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Should all Marketers Develop Their Strategic Abilities?

The following outtake, focused on breaking in to and thriving in the world of marketing, is taken from a recent exclusive recording of an MMC Moments of Truth discussion between Stephanie Leigh-Rose, education and media director at MMC Learning and Malcolm Johnston, who is who is a consultant providing strategic support and coaching to businesses having become a leader in customer-centric growth through his years of experience of creating and running strategic marketing, sales, and management functions across multiple businesses.

In this extract, Stephanie and Malcolm talk about the importance of strategic ability in marketing and when in their careers marketers might need to become better strategists.

Watch the 7 min video below which will give you an amazing insight into the above question.

Do all marketers need to become better strategists? How do we develop strategic ability?

Stephanie Leigh Rose:

So now for our next question, should all marketers become better strategists? What do you think?

Malcolm Johnston:

No. Move on. Okay, well, a slightly longer answer than no!

Should all marketers become better strategists? Not necessary. I would reframe it as, should all marketers have a better understanding of strategy? Most emphatically, yes.

To an extent this is going to happen naturally without us trying, because actually research from Brunel University shows that as we get older, our brains are better able to handle concepts than tactics.

At about 30 something years old, maybe 35 years old, the brain really speeds up in its ability to handle strategic concepts, particularly macro level concepts, as it leaves behind some of its ability to handle detail. So, to an extent, this is going to take care of itself.

As you accelerate through the ranks of an organisation, you will have to become a better strategist.

Frankly, in your first role in marketing, no, you don’t have to become a strategist, but as you develop, and if you want to go further and become marketing manager, product director, marketing director, sales director, you will need to understand where the marketing ethos and marketing practicalities, like the seven P’s, fit into driving a company forward and your role within that.

I don’t think it’s realistic to suggest that all marketers should become better strategists. As we’ve mentioned before, marketing covers a huge range of topics from serious data analysis at one end of the spectrum, dealing with statistics and market research to, designing a new corporate logo at the other, and that’s quite a wide area.

Does the person who is the graphic designer need to understand about strategy? Probably not. I would like to think that the account handler for, let’s say, the advertising agency, has conveyed to the graphic designer the strategy of the company in words that are appropriate for the graphic designer to understand how to help take the strategy forward.

When is strategy important in a marketing career?

Stephanie Leigh Rose:

So where would you say in your career, or at what stages, what job title, did understanding strategy become very important?

Malcolm Johnston:

Channel manager, Europe. Next question! Sorry, yes Channel manager. I was given the opportunity to take on this role for Europe, so I was managing all of our outlets at all of the places in which our services could be purchased across Europe. It was middle management level and I had to put together a channel management strategy. There had been no channel managers beforehand.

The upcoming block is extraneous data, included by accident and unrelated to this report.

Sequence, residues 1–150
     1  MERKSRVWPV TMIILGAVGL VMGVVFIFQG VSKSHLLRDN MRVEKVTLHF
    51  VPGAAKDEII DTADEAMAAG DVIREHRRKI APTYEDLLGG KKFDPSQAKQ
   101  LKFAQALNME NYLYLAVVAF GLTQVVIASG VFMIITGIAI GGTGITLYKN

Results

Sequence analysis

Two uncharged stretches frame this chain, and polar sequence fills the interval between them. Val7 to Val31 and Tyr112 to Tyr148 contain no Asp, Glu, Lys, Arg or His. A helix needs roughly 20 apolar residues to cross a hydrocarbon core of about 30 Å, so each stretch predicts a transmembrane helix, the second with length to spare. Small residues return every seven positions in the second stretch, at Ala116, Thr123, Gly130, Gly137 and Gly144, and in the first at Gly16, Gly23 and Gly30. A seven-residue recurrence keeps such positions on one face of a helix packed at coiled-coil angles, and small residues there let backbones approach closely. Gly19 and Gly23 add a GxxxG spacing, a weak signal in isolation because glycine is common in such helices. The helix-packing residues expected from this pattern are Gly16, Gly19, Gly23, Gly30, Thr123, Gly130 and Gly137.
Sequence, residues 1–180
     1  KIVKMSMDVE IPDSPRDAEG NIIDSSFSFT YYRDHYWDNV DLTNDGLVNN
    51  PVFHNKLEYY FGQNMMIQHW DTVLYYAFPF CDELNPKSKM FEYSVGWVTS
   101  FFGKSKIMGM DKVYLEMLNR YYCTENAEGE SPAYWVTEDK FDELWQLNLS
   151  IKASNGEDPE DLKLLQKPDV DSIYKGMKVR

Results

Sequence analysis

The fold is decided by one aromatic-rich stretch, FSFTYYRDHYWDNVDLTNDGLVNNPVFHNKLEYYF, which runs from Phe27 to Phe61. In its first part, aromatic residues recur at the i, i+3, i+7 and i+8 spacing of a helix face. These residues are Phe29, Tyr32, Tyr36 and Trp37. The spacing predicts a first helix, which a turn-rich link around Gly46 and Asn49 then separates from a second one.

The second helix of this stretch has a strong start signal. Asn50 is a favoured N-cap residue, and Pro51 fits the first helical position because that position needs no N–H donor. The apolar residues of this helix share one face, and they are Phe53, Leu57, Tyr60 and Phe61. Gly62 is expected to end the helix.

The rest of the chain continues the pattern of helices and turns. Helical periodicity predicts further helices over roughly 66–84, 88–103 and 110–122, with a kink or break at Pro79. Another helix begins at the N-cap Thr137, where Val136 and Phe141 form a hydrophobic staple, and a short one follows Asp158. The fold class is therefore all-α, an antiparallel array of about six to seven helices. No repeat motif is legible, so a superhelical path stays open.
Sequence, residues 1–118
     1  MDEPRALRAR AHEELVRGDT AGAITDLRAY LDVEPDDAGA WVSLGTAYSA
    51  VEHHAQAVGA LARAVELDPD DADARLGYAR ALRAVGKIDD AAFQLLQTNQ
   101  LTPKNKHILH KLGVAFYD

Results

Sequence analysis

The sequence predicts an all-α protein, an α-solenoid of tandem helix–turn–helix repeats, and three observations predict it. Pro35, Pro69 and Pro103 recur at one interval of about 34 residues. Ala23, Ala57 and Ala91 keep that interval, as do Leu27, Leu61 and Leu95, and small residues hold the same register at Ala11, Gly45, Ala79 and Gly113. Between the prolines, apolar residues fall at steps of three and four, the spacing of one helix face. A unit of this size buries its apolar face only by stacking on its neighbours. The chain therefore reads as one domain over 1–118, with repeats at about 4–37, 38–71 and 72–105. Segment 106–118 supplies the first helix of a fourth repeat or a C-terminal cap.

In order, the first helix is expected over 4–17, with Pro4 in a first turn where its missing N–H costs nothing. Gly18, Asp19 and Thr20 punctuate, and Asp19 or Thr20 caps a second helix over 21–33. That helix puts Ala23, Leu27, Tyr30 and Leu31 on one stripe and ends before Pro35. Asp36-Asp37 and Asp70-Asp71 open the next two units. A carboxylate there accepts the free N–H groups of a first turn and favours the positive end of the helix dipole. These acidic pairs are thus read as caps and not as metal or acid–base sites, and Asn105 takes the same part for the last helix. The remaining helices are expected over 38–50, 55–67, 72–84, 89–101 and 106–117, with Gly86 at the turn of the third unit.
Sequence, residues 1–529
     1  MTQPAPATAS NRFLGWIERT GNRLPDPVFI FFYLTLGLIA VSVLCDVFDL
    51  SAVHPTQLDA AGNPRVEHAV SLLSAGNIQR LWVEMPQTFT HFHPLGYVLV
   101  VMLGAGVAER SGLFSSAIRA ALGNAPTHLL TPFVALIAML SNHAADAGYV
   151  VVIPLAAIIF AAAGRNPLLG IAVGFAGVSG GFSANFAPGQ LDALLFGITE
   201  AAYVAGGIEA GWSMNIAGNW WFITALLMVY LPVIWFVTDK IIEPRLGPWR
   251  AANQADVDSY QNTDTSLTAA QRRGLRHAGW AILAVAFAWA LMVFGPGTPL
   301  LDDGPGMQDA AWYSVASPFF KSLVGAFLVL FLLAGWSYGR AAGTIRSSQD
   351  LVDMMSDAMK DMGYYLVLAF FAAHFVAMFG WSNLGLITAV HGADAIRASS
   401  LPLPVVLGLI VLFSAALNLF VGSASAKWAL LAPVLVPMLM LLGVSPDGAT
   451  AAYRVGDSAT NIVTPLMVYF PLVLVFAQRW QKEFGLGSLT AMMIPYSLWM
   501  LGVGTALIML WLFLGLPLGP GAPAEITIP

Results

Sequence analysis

Interestingly enough, it was a project that I had been part of to analyse why wasn’t our business selling more through Europe, and the conclusion was we weren’t managing well enough. Even though half of the outlets were actually owned by our own company as distributors, for example, they weren’t doing enough.

So I was part of what’s called a breakthrough team that looked at why, what’s going on here. The conclusion our team came to was we should be managing our internal sales and marketing operations as a channel to market as if it was separate to our company, which ended up with me being told, “Okay, smarty, you can run it.”

Stephanie Leigh Rose:

You broke it, you bought it.

Malcolm Johnston:

I was very fortunate, in that I went to my boss at the time, who was a director, and said, “Look, I’m nervous about this because having identified I know what the problem is, we thought we knew what the solution is, but I have no idea what the strategy is.” Strategy was this big, scary thing that people with MBAs did.

Anyway, fortunately, Rob Fisher sent me off on a strategic management course at Cranfield University, where the scales fell from my eyes in the sense that actually on my diploma in marketing, I had covered a lot of the syllabus already, so it turned out I did know a bit about strategy, even though I didn’t know I did. It debunked the myths and I felt much more comfortable about it and got it and was able to go back and develop the channel strategy.

It was around middle management where, frankly, I needed to know about strategy and how to develop a strategy.

I was having to communicate with directors of businesses, both mine and the directors of the businesses out in Europe, in a strategic sense. We weren’t going to get from A to B quickly, we had to have a proper programme of how to get from A to B, B being better sales than we were getting, and therefore I had to use the language of strategy because what we were talking about was over a longer time period. So it gave me the lexicon to communicate effectively with more senior people.

Should all marketers become better strategists? Not necessarily. Some of you will become better strategists, whether you like it or not, but definitely the more senior you get in an organisation, the more y